Life contains everything: tear gas in Ferguson, books read on the grass, journalist James Foley's murder, dancing in New Orleans till sunrise blots the stars. We're meat—fragile and finite. But joy is survival.
There are five questions you'll want to ask before sharing something with your internet friends. If that seems like a lot of work, remember that shouting out random urban legends in public is frowned upon IRL, and the same should be true for social media…
Although today's stars actively try to become gay icons, talk show legend Sally Jessy Raphael has rarely courted her cult-like gay fanbase. Last month, we visited Raphael at her house to find out how she accidentally became a gay icon.
On Monday, Men's Journal reporter Matthew Power died in Uganda. When I heard the terrible news, I thought of an obituary Matt had written for a mutual friend of ours years earlier: "Even to write in the past tense seems strange," he wrote. "It nega…
Over the past few years, the hip-hop listening event has transformed from an intimate way to share new music with eager listeners into an opportunity to push sneakers and booze on free-riding party people.
This winter, travel writer Elisabeth Eaves isn't in Mexico to write about shirtless men she meets on the beach—she's escaping the cruel winter to write a draft of her first novel, which is set in the Middle East.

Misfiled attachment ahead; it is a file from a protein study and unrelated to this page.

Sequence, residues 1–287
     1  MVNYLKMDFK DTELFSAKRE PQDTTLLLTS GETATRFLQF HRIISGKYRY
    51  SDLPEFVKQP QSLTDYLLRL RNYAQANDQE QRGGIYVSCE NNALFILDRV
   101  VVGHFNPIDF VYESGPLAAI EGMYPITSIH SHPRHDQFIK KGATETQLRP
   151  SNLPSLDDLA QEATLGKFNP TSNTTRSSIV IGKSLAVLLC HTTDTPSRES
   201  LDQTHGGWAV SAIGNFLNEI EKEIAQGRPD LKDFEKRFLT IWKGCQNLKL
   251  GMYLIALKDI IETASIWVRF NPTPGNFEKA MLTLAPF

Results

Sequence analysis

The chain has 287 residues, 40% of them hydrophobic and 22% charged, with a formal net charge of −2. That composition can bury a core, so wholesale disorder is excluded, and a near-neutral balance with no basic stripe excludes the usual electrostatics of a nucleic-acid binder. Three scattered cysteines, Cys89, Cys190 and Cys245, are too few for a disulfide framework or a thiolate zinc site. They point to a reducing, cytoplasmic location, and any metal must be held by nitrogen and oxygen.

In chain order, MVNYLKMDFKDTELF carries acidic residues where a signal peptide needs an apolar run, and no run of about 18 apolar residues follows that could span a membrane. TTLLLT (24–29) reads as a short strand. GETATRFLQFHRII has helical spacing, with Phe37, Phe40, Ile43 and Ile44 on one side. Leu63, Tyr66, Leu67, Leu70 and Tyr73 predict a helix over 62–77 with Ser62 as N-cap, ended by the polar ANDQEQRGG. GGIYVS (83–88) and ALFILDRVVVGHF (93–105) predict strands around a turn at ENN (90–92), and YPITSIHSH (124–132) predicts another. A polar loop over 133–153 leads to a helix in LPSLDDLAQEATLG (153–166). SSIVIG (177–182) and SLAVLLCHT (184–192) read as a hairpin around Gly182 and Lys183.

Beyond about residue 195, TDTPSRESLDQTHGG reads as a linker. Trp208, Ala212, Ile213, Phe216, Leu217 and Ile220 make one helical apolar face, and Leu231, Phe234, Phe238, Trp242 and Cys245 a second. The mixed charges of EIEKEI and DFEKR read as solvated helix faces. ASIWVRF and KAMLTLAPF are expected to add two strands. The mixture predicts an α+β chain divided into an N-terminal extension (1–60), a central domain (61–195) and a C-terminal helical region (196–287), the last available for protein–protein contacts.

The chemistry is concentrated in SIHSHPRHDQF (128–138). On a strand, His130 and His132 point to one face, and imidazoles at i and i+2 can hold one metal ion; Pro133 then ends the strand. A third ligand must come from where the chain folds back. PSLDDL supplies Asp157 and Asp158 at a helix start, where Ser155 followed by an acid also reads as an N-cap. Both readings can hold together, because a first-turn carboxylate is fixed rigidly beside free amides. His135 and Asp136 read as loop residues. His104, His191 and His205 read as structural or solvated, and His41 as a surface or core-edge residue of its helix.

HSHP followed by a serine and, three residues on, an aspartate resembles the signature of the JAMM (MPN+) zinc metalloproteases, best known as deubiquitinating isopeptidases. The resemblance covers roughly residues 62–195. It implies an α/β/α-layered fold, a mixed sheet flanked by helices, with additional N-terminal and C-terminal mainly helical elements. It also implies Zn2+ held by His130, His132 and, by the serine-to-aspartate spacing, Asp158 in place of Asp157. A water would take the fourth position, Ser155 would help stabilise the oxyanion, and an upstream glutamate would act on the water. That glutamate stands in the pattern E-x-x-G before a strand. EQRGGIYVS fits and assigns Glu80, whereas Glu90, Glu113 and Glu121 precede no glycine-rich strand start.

Do a quick google search for "Fukushima ocean radiation." The results are a crime scene: maybe one actual link to accurate journalism per page. All the other links are panic-click blogs and articles without citations.
Journalists go deep. Sometimes they go so deep into a story they lose track of where the story ends and their private life begins. VICE teamed up with journalist Carrie Ching to bring you a new illustrated series on the secret lives of award-winning journ…
This week on the podcast, John R. MacArthur, the publisher of Harper's, talks about his October manifesto arguing against the flood of free content on the web and the dilution of reporting and writing in the media.
A decade ago, long before Edward Snowden trolled the depths of a classified government surveillance program, John Kiriakou was learning about a government practice as secret and troubling, and a good deal more gruesome.